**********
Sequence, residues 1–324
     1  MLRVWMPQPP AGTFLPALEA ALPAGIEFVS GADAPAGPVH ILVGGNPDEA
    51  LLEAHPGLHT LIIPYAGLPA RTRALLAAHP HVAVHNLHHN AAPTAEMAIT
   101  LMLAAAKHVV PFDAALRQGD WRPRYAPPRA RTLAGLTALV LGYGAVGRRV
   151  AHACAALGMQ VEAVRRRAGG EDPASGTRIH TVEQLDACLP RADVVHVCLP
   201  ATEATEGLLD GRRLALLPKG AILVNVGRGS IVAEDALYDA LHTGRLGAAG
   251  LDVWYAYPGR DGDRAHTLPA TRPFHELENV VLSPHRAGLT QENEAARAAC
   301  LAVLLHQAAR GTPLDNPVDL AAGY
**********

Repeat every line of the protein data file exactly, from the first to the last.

Sequence, residues 1–324
     1  MLRVWMPQPP AGTFLPALEA ALPAGIEFVS GADAPAGPVH ILVGGNPDEA
    51  LLEAHPGLHT LIIPYAGLPA RTRALLAAHP HVAVHNLHHN AAPTAEMAIT
   101  LMLAAAKHVV PFDAALRQGD WRPRYAPPRA RTLAGLTALV LGYGAVGRRV
   151  AHACAALGMQ VEAVRRRAGG EDPASGTRIH TVEQLDACLP RADVVHVCLP
   201  ATEATEGLLD GRRLALLPKG AILVNVGRGS IVAEDALYDA LHTGRLGAAG
   251  LDVWYAYPGR DGDRAHTLPA TRPFHELENV VLSPHRAGLT QENEAARAAC
   301  LAVLLHQAAR GTPLDNPVDL AAGY